Alma and Zennie – May 9, 1925

This postcard photo was taken at an unknown location on a specific date, May 9, 1925.

A thoughtful person recorded the names of “Alma + Zennie”.

The two women appear cheerful and comfortable together.

With no other information about the friends, I did a little research about the name, Zennie”.

I assumed it might be a shortened form of another name, but did not find confirmation of that thought.

“Zennie”, as a girl’s name, was bestowed most often in the 1890’s with rapid disappearance after that time.

It remains in use among Danish, Greek, and Australian communities.

The name, “Alma”, has a much longer history.

Meaning “kind, benevolent, or nourishing”, this word (derived from classical Latin) was applied to a variety of ancient female goddesses and, later, to the Virgin Mary.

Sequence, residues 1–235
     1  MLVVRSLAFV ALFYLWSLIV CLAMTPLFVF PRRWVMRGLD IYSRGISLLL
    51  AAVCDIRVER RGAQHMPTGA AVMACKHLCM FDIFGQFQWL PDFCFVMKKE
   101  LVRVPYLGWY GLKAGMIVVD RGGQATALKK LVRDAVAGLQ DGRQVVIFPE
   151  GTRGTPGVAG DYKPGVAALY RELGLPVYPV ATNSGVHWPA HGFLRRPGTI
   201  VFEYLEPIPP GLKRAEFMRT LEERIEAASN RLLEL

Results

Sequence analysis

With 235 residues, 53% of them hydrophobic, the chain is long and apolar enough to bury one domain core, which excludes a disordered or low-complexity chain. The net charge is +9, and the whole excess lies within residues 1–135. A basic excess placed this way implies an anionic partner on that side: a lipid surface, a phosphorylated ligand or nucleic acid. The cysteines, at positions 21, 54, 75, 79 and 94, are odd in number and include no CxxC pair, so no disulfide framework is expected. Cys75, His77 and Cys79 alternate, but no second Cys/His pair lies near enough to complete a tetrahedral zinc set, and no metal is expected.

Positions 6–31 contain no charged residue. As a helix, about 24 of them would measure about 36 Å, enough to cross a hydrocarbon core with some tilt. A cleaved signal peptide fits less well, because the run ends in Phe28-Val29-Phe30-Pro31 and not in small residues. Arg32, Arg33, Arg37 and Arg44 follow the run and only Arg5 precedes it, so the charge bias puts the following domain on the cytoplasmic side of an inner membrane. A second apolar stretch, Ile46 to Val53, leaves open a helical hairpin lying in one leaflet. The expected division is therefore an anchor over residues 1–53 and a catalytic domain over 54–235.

It became a common name in English countries in the mid-19th century.

The term, “Alma Mater”, is the most common usage of this word today.

Although more popular than Zennie, the name, Alma, also reached peak use at the end of the 19th century.

This photograph, slightly out of focus, was printed on a postcard with a border that I find distracting and ugly.

The image in the post is an enlargement of the center of the photo. 

We hope that these women with distinctive names remained cheerful friends for many years to come.


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